To examine the statistical difference of the performances between the proposed model and the baseline models, we conducted the paired-samples t-test for each pair of models. The paired sample t-test is a statistical procedure used to determine whether the mean difference between two sets of observations is zero [29]. In our study, the proposed model and the baseline models predicted the labels (readmitted/non-readmitted) of all patient samples in the test sets and resulted in paired sets of observations. As can be seen in Table 2, the predicted labels of each pair of models are statistically different (p < 0.01).

Table 2 The p-value of paired t-test between the proposed model and baseline models

Attention analysis

The interpretability of the generated prediction results is significantly important in healthcare. Since the proposed model is based on the attention mechanism, it is easy to obtain the contribution of each patient feature by the attention weights. Fig. 3 shows the heat map of the contribution (i.e., the attention weight) of each feature for readmission identified by the proposed model for 50 randomly selected patients. Each row is a patient sample and each column is a feature. Note that the 105 features are denoted as serial numbers in the heat map for clearness. The color in the heat map corresponds to the patient feature contribution (i.e. the log value of attention weight). From Fig. 3, we can observe that NT-proBNP (the 21st feature) got the most attention in almost all the patients. This observation is in accordance with the clinical practice, in which NT-proBNP is an essential risk factor for heart failure patients [30].

Fig. 3
figure 3

The heat map showing the contribution (attention weight) of each feature for readmission identified by the proposed model for 50 randomly selected patients

Additionally, we can observe the personalized risk factors for each patient besides NT-proBNP. For example, we present two heart failure patients with visualizing their relating predictors in Fig. 4. As we can see the first patient in Fig. 4a, Sodium (the 32nd feature) and CHD (Coronary Heart Disease) (the 12th feature) are the next two most important predictors, whilst for patient 2 in Fig. 4b, the next two most important predictors are SBP (Systolic blood pressure) (the 7th feature) and Left ventricular end-systolic volume (the 87th feature). This shows that heart failure patient may have different subtypes, i.e. personalized profiles with individualized risk factors. In Table 3, we listed the top-ranked features (attention weights> 0.2) of these two patients respectively. As the clinical guideline [30] denoted that many conditions or comorbidities are associated with the onset or development of HF and different patients may have different comorbidities, we can see that the important comorbidity for Patient 1 is CHD, while for Patient 2 diabetes is an important comorbidity. Besides, we can find that CCB (calcium channel blocker) is identified as one of the top-ranked predictor of readmission for Patient 1 who were prescribed CCB, which is in line with the guidelines. According to the guideline [30], CCB may be harmful and should be avoided to use in patients with low LVEF. The identified patient-specific risk factors could be further leveraged to assist the clinicians to customize the treatment strategies or intervention plans.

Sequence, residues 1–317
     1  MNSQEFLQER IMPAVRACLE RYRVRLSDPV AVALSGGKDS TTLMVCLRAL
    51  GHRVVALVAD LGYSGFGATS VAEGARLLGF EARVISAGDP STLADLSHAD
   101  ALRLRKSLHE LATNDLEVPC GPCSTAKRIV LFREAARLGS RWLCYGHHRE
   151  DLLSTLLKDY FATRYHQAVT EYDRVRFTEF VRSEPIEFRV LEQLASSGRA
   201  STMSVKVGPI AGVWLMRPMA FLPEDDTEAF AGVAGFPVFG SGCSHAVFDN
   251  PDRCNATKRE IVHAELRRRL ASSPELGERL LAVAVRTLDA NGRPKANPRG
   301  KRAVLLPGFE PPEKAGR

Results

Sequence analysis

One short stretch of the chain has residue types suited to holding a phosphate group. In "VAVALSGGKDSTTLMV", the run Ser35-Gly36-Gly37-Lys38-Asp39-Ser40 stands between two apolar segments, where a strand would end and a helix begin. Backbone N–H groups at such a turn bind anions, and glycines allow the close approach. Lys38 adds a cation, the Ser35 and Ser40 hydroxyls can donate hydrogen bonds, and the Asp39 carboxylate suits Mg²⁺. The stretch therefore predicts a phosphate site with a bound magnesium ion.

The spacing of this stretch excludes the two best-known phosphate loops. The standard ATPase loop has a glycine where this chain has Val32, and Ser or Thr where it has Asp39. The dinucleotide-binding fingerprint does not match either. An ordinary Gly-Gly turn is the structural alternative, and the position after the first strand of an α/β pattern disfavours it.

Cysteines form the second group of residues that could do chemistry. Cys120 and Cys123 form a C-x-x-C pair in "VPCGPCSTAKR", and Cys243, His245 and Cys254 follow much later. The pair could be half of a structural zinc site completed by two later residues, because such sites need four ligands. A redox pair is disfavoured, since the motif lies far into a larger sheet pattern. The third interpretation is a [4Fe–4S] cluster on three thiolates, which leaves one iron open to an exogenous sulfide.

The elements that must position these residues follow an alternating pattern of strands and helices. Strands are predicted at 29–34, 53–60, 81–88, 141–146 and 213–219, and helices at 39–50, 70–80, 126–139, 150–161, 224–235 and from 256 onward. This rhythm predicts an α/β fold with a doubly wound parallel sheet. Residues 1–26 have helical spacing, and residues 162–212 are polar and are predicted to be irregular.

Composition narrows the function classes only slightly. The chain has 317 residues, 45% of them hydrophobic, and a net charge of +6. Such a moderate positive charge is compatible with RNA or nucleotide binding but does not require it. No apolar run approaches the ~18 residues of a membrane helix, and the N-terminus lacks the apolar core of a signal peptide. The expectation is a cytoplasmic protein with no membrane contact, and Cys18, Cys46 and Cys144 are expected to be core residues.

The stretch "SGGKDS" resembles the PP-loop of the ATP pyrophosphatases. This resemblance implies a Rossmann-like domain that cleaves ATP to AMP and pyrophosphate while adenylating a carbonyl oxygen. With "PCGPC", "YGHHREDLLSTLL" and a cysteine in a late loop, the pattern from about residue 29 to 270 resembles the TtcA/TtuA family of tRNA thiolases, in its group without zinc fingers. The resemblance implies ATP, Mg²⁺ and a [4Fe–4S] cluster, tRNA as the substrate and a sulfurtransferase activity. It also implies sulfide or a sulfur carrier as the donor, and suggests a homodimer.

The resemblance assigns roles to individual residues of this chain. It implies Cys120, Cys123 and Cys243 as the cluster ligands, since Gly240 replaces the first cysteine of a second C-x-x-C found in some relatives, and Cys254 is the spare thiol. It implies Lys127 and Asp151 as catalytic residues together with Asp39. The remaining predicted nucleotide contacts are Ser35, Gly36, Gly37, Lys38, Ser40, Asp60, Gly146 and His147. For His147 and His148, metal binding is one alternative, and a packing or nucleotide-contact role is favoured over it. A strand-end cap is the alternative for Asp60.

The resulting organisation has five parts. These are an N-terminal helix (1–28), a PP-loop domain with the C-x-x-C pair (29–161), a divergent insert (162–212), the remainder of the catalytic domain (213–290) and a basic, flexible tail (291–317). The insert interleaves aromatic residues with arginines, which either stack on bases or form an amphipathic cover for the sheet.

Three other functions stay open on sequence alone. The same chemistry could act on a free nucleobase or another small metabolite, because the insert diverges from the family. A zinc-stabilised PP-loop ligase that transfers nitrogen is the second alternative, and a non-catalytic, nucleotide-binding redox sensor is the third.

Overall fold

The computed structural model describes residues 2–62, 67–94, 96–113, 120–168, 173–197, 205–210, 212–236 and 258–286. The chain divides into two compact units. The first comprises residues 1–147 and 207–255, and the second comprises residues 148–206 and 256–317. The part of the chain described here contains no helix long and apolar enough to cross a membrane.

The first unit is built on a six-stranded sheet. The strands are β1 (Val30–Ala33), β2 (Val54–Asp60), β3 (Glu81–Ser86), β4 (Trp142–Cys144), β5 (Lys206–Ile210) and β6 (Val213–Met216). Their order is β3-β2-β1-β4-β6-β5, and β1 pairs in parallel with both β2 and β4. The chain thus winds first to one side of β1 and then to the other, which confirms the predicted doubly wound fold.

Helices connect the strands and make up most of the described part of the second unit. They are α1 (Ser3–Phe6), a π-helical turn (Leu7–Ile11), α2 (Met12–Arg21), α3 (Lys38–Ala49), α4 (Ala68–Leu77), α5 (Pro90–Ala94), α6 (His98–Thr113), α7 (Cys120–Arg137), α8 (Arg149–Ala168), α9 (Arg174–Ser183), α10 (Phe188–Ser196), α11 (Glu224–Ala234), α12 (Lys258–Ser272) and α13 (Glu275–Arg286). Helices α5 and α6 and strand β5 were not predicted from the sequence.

Fig. 4
figure 4

The bar plots of the attention weights of each patient feature for two randomly selected patients

Table 3 The top-ranked features of the two randomly selected patients in Fig. 4 (attention weights> 0.2)

Moreover, the proposed model can not only provide individualized risk factors for each patient, but also provide the most frequent risk factors for all patient samples in a global sense. In Table 4, we listed the top-ten ranked features selected by both the proposed model and LR respectively. For the proposed model, the features are ranked by the frequency of the feature occurred in the top-ten features (ranking by attention weights) of each patient. For example, NT-proBNP is in the top-10 ranked features for all patients, while CCB (calcium channel blocker) is in the top-10 ranked features for 374 patients. With respect to LR, the selected patient features are ranked by the absolute values of the coefficients of these features in the learning LR model. It can be seen that there are three features are the same for the two models, i.e. NT-proBNP, SBP (systolic blood pressure) and Platelet count, which have been reported to be predictive for the prognosis of HF in literature [30]. E.g., hypertension may be the single most important modifiable risk factor for HF, whilst elevated levels of diastolic and especially systolic blood pressure are major risk factors for the development of HF [30]. The findings in [31] demonstrated an association between thrombocytopenia (low platelet count) and increased mortality in patients with heart failure.

Table 4 The top-ten globally ranked features of the proposed model and LR